Well said.

Offline JERRY TRESSER

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Re: Modern Calligraphy, Skill, and the Test of Time
« Reply #96 on: December 02, 2015, 10:03:13 PM »
Somewhat similar to the other subject which i posted on.  Lettering is based on classical forms which developed for specific uses. the clarity becomes monumental when one looks to Roman caps chiziled into stone and reserved for Caesars. That would be the starting point. However those letter forms were manipulated with a brush. Here our calligraphic introduction was with the broad edged pen. Brush letterers were always referred to as sign painters. Not calligraphers.  That is a historically accurate description but we all know the significance of the power of the brush in contemporary works of art. 

The broad edged pen has historical implications as well. Putting aside the original book hands of the 1st century, Uncial evolved over a 600 year history as a major player in the development of defining the alphabet as it matured through the centuries. By the 8th century the world was introduced to the Caroline hand. With a fully formed lower case alphabet and yet remnants of some letters with Uncial flavors such as N, T, J.  Without going into the entire history of growth in our alphabet, by the 15th century, the broad edged pen ended its development.  Partially due to the new, never before seen, PRINTING PRESS..  The Italic hand which was the offical papal hand of the chancery also known as Italics or Chancery was living on borrowed time.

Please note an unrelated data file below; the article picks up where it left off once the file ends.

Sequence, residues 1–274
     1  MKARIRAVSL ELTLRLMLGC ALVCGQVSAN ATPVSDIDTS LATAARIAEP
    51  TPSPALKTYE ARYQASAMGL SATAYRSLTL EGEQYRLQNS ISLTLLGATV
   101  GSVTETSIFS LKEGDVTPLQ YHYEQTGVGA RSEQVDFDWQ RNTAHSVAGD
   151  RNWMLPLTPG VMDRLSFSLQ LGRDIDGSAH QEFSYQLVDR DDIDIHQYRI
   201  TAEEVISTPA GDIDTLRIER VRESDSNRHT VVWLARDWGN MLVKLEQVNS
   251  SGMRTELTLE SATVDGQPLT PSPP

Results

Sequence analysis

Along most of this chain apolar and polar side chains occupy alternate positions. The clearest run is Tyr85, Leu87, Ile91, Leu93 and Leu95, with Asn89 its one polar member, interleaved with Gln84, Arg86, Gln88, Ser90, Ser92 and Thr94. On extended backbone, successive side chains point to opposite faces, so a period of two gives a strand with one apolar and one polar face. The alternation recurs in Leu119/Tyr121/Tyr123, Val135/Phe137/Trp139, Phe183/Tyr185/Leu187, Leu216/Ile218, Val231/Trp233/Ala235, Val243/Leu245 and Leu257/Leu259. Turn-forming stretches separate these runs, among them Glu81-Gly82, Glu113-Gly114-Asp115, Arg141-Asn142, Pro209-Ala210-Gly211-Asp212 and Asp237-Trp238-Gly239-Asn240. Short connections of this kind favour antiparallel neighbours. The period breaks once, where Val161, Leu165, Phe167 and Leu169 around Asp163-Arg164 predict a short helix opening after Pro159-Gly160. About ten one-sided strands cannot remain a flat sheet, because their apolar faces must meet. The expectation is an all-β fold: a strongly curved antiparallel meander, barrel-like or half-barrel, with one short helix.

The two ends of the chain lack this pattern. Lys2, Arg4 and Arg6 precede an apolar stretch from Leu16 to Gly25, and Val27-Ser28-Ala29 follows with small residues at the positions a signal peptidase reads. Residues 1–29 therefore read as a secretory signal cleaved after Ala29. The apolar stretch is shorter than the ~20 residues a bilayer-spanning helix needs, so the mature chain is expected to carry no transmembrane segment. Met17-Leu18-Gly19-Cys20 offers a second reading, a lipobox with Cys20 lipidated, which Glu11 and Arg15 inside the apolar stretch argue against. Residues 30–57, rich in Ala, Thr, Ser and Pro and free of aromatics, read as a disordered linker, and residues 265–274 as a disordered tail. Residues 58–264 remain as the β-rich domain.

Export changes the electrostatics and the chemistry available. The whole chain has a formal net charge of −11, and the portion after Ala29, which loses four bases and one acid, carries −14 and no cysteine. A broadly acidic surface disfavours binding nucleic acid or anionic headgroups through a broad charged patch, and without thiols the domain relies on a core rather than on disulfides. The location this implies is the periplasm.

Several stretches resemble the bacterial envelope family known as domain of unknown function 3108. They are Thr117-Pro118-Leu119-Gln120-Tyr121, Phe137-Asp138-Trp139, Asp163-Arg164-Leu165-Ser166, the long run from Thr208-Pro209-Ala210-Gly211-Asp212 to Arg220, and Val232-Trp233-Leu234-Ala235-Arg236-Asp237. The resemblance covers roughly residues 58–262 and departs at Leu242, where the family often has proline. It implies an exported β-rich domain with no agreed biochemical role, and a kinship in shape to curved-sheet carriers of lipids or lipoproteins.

The use of the pointed pen was arriving primarily because children for the first time were given primers or small books to learn reading and writing. On a large scale basis it just seemed to make sense and this was the rudiments for the development of a new form of writing that was not restricted to a scribe. 

Two different tools with two different objectives. One historical including documents of monumental importance. Lawed by Caesars and those who now for the first time were learning that the education was no longer limited to the aristocracy.

One really has to look back and see that the broad edged pen was developed to a fulfillment which ended due to modernization. The pointed pen developed for economic purposes. Both requiring skill and imagination not to mention competition especially with the flourishes and control . One just has to look at Fractur and some of the ornate pointed pen lettering. Both requires a very steady knowledge of the instrument, but come from two different mind sets.  This has to be taken into consideration when learning.

 The final question one has to ask is , Where does this lead me ?  Pointed pen lettering is at its best 600 years old and its still pointed pen with various adaptations in pressure.  Broad edged pen lettering covers well over 2000 years of history with development of an alphabet. 26 lead soldiers, influencing the world we live in.  Just food for thought.